Raise the gas tax while gas prices are low to produce an immediate infusion of funds for highways? Or choose more modest “revenue neutral” proposals that would have a better chance of passage through the Legislature?
Those were two approaches considered today by the Governor’s Working Group on HIghway Funding.
Appointed by Gov. Asa Hutchinson, the working group has been meeting to consider how to close funding shortfalls for Arkansas’ highways caused by increasing construction prices, decreasing gas tax revenues from increasingly fuel-efficient vehicles, and uncertainty about money coming from Washington. It currently is focusing most of its attention on closing the gap in the short term.
Afterwards, Chairman Duncan Baird said the task force, which is scheduled to meet until Dec. 15, could try to present Hutchinson a “menu of options” rather than a specific recommendation.
Several members of the working group expressed support for raising the gas tax, which has remained the same at the state level since 2001 and at the federal level since 1993, and was not indexed to inflation. Craig Douglass, executive director of the Arkansas Good Roads Foundation, advocated a 10-cent-per-gallon increase in both the gasoline and diesel fuel taxes. He said a number of states have done so, and that gas prices are low and should go lower with the end of the summer driving season.
Meanwhile, Frank Scott, a member of the Arkansas Highway Commission, recommended phasing in a 15-cent-per-gallon motor fuels tax and indexing it to inflation. He also suggested motorists be charged a “reportable miles traveled” tax based on a self-reported amount of distance traveled. That would help fill gaps in receipts caused by drivers of alternative fuels vehicles, who pay less or no motor fuels taxes. State Sen. Bill Sample, R-Hot Springs, expressed support for indexing the tax to inflation with a floor or cap “because if we don’t, we’re going to be up here every year or two years with a hand out.”
Randy Zook, president and chief executive officer of the Arkansas State Chamber of Commerce, and Shannon Newton, president of the Arkansas Trucking Association, both expressed strong support for raising the gas tax. Zook said the business community needs a dependable transportation system. Newton said the fuel tax is the most efficient way of raising money, and the state’s truckers are ready to raise their own taxes for better roads.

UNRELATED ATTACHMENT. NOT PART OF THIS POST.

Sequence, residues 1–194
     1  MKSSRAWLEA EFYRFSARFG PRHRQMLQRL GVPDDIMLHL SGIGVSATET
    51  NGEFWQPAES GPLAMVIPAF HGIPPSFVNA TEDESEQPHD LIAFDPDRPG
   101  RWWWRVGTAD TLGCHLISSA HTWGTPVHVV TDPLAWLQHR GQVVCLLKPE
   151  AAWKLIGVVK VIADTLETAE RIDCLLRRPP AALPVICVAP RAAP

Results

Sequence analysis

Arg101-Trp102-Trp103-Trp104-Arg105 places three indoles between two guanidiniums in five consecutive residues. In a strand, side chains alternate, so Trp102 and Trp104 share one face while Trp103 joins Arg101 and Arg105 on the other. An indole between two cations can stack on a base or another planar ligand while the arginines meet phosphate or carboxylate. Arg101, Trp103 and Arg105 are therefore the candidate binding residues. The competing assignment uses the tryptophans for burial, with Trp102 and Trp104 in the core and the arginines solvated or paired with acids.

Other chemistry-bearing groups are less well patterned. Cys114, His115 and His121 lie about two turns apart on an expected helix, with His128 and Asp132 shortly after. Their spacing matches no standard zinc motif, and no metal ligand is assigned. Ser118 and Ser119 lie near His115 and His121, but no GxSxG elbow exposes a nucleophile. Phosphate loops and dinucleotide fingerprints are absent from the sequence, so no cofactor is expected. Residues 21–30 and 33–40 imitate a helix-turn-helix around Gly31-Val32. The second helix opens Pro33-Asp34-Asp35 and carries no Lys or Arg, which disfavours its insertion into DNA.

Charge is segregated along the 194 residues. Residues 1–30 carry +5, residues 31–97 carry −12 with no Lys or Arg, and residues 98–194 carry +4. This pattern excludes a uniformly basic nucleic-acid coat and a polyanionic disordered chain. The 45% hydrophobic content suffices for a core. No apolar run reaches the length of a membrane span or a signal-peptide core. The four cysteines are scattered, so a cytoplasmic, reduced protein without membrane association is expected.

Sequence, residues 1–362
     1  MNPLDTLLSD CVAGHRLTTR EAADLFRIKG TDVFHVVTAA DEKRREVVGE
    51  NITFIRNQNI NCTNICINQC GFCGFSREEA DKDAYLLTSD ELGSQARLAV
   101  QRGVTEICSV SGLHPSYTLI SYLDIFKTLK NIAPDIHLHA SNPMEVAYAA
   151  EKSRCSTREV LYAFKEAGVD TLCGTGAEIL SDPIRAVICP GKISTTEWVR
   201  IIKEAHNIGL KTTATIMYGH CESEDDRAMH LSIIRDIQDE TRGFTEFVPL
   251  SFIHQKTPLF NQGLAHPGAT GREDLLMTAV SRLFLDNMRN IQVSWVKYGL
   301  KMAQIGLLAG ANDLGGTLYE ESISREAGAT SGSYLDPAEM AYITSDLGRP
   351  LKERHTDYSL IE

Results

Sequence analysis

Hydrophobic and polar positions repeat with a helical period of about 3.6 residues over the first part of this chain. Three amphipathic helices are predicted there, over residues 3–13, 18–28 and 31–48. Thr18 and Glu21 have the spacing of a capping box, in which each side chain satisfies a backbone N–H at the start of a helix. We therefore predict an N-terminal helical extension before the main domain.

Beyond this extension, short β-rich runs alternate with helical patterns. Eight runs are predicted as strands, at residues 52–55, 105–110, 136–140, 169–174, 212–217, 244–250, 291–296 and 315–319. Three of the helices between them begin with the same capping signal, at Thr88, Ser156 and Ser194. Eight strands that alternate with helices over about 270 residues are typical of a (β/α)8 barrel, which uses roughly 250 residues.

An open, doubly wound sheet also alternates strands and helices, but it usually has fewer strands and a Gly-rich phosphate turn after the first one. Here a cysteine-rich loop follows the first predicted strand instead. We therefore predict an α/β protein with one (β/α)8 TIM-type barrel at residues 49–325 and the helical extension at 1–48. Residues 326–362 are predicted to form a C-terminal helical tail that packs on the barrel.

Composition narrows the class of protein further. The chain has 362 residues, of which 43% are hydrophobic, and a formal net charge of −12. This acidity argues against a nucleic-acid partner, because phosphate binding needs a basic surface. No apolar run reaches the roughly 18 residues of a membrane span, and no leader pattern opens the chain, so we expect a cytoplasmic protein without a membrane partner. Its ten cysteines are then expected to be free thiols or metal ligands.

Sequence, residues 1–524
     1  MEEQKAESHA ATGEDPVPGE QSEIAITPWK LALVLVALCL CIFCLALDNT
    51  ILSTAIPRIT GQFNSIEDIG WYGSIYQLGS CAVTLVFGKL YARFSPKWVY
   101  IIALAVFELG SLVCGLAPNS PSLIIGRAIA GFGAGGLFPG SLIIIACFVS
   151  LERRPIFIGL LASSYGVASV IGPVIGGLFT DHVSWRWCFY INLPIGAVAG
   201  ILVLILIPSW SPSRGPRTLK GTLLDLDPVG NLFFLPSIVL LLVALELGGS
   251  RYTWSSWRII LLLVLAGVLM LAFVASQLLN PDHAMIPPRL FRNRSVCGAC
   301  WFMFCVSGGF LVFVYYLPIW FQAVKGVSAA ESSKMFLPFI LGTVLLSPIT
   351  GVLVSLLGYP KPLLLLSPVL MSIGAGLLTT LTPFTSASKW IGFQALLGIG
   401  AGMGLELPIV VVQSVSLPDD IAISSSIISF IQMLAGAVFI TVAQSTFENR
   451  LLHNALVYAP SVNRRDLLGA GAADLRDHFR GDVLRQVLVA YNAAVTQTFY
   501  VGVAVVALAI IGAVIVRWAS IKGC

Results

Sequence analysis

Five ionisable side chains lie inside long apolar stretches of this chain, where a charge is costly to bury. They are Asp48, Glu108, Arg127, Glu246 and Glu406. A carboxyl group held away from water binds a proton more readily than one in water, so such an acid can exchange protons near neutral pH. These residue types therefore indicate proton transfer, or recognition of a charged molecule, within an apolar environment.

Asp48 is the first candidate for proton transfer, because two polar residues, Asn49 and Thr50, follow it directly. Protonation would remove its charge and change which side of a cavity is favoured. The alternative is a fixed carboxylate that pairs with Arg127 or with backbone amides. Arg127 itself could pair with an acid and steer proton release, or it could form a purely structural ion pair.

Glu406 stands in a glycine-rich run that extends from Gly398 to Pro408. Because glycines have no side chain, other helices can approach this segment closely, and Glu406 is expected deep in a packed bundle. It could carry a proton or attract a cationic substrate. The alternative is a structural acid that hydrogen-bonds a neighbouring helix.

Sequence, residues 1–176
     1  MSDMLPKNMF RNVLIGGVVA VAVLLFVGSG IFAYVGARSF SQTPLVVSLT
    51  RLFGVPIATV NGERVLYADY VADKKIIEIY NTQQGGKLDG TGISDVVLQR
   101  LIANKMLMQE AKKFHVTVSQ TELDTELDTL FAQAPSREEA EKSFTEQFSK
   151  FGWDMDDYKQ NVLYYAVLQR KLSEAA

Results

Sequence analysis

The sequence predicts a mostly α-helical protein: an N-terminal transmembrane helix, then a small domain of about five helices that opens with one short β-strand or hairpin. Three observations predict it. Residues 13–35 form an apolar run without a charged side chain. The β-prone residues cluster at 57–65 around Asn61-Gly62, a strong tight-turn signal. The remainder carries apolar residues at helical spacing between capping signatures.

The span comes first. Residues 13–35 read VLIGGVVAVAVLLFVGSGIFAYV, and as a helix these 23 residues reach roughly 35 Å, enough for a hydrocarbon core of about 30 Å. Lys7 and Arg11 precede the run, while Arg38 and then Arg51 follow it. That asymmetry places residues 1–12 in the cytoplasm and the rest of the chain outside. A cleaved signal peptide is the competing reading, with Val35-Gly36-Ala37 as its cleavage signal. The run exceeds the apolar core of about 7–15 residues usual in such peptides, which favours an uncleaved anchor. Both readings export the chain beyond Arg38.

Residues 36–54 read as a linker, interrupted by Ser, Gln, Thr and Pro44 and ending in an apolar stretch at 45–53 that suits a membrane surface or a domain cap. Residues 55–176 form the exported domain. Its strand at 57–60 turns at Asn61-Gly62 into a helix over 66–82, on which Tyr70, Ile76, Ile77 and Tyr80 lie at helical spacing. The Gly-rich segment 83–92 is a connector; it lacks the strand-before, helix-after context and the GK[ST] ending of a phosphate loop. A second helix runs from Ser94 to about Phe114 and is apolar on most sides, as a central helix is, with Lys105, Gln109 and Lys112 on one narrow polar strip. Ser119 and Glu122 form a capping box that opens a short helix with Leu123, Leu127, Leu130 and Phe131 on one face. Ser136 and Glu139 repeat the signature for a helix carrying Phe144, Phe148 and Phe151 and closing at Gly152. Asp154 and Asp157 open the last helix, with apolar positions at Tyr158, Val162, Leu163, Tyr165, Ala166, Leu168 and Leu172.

But Rep. Andy Davis, R-Little Rock, said legislators will not support any kind of gas tax increase. He said Hutchinson asked the working group to be creative and also politically realistic and that any proposal should be revenue neutral.
“The Legislature, I don’t believe, is going to consider any new revenue until they’re confident that we have turned the couch upside down and (shaken) every penny out of it that we can,” he said.
Davis then proposed a number of options, including a sales tax rebate for construction materials; redirecting some of the state’s surplus funds to highways; and shifting to highways diesel taxes and half-cent sales tax receipts that currently go to general revenues and state government administrative costs. He said the state could actually cut the gasoline and diesel tax and then offset it with an increase in the taxes and fees paid by alternative fuel vehicles. Such a move would replace a declining source of revenue with one that will increase.
After hearing Davis’ presentation, Sample said the working group shouldn’t look for short-term ideas. Douglass and Zook said Arkansas voters have shown they will support investing in roads when given a good reason to do so, as when they passed an interstate bond issue in 2011 and a half-cent sales tax in 2012. Scott said the working group should consider both raising the motor fuels tax and Davis’ ideas.